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Why Wait? Use AI to Automate Basic Business Tasks

In this special guest feature, Brian Schwarz, VP of Product Management at Pure Storage, discusses how the primary value of AI is around automation. That means just about anywhere we currently use humans to complete repetitive tasks, AI can help. AI and machine learning teach computers to recognize patterns in unstructured data and turn it into structured data in a manner that allows for automatic response to be applied. Industry analysts estimate AI will be built into nearly every new software update to hit the market by 2020. Organizations that make the shift earlier will have a major competitive advantage. This article will explore how AI can boost your business, implementation measures and how data can guide this transition. As VP of Product Management for Pure Storage, Brian is an integral piece and early member of the team that created FlashBlade. He brings a wealth of experience in data center infrastructure and an expert on the intersection of AI and storage, with an emphasis on data-intensive and emerging workloads. Prior to Pure, Brian spent time at Cisco as well as Symantec, which he joined via the company’s merger with Veritas Software.

The primary value of artificial intelligence is around automation. That means just about anywhere we currently use humans to complete repetitive tasks, AI can help.

AI and machine learning teach computers to recognize patterns in unstructured data and turn it into structured data in a manner that allows for automatic response to be applied. There are near countless examples – HD cameras in a factory or warehouse used for image recognition to improve quality control or to perform inventory management, retail vendors using video to recognize and process customer behaviors, even image recognition in the medical field for pre-screening X-Ray and MRI images will be impacted by AI.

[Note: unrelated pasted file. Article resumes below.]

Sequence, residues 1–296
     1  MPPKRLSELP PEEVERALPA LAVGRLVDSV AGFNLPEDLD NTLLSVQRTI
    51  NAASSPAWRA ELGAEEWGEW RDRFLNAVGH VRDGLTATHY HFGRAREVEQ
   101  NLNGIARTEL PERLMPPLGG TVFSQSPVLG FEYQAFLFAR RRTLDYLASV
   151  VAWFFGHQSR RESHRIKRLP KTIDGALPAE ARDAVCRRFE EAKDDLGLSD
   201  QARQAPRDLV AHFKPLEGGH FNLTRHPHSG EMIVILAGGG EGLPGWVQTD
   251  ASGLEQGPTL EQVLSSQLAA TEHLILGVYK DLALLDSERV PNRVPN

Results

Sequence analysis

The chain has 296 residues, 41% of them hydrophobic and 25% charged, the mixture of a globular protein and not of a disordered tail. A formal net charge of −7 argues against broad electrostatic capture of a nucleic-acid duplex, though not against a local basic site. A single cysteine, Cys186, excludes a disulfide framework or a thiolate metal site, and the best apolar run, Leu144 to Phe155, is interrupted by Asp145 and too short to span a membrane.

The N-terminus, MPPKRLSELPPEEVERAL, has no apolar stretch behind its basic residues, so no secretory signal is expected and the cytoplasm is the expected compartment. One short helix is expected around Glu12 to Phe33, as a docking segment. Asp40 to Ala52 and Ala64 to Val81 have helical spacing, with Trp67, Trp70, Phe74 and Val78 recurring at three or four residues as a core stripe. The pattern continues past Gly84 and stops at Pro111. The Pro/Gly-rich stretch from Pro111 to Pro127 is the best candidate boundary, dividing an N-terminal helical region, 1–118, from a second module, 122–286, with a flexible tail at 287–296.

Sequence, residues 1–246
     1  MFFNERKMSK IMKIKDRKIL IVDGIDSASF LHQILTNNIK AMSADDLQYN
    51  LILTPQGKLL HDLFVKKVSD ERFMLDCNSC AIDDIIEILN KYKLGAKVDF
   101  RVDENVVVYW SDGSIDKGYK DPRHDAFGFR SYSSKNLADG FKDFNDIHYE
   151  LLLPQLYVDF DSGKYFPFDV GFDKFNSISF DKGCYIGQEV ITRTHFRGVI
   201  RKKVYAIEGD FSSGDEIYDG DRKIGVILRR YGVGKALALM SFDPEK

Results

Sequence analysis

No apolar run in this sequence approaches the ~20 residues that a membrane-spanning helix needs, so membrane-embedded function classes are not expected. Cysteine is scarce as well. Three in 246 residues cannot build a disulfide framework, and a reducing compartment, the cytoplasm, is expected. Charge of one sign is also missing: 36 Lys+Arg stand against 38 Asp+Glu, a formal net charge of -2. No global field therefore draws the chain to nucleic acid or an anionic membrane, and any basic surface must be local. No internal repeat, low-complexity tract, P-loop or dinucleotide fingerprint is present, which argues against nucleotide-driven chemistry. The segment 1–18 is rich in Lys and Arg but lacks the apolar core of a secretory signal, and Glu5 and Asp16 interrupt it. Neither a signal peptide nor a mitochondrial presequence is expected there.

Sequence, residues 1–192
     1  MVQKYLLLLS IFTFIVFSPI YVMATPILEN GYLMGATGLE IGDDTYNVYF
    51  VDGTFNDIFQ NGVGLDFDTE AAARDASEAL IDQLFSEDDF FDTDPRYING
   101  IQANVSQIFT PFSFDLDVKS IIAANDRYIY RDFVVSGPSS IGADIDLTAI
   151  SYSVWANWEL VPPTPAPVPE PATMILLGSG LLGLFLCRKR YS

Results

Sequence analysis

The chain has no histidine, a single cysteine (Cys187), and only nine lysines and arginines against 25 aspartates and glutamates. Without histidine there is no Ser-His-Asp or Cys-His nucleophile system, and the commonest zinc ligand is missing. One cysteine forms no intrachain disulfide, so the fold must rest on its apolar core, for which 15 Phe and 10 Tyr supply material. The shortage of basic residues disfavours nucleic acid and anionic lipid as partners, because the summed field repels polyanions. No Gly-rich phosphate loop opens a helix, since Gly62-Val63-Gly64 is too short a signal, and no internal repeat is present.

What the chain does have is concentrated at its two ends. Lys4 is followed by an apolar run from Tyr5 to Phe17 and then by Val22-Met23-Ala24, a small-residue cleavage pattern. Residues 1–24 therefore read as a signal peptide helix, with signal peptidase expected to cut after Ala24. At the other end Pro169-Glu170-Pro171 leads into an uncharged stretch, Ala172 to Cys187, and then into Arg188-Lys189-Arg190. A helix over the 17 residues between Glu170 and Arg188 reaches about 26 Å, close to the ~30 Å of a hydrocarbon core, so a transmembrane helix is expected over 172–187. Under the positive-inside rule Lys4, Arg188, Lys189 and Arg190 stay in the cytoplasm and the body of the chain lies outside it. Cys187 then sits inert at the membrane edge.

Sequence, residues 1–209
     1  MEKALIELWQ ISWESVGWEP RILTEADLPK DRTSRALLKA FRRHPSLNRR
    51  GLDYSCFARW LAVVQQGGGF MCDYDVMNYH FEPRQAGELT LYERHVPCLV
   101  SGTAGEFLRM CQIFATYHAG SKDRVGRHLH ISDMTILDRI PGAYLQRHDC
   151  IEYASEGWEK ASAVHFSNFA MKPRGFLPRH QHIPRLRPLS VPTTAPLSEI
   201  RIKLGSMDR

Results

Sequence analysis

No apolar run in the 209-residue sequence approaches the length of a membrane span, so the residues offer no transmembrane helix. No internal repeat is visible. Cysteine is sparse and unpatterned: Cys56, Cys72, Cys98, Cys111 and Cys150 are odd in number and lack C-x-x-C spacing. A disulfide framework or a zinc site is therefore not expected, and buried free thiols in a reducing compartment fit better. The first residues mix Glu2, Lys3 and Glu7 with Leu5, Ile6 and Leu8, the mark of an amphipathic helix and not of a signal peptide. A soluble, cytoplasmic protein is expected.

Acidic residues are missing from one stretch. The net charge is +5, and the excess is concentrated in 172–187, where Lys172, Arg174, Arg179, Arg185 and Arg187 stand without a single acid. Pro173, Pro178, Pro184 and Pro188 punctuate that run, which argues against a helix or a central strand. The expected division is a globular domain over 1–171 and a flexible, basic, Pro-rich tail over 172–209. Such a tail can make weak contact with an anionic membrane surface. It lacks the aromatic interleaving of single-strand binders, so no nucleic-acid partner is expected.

The insurance industry, as another example, uses AI to help with estimate analysis on claims: A picture of the a crashed car or other property damage can be run in near real-time against the company’s database of damage photos to give an instant estimate for a claim payout, all without having to send a person out to assess the damage.

Industry analysts estimate AI will be built into nearly every new software update to hit the market by 2020. Organizations that make the shift earlier will have a major competitive advantage.

Don’t Fear the Robots: How AI Can Boost your Business

Many of the tasks AI replaces previously required people resources that are now available for redeployment to more critical, strategic parts of the business. There are significant cost savings to be had, but the “robots are going to automate us out of jobs” story is over-played.

The real opportunity is to unlock new opportunities and concepts that weren’t economically viable in the past. AI enables new projects and innovations that were previously thought to be too costly or time-consuming. The new project isn’t cost effective to move forward if the cost is 100% manual, but if the cost can be reduced by 50% through the use of the AI the project now becomes possible. By harnessing AI, creative innovators will open a wider range of opportunities. An executive or IT professional deciding when and how to put AI to work should stop to consider which valuable projects they avoid due to expensive, repetitive tasks that drive up cost.

Areas where AI can assist with automation include customer support (sentiment analysis), manufacturing and QA. Job interviewing is another emerging use case – using video processing to make the process of identifying a candidate’s intangibles more scientific. It turns out that certain facial expressions and other human behaviors are repetitively successful in sales situations; the same is likely true for customer services and other interactive aspects as well. AI helps us identify those patterns more readily. The creation, implementation and ongoing use of these technologies takes people. A recent survey by CapGemeni asserted that AI will create more jobs than it will destroy. Much like previous forms of technology have created more value than they eliminated.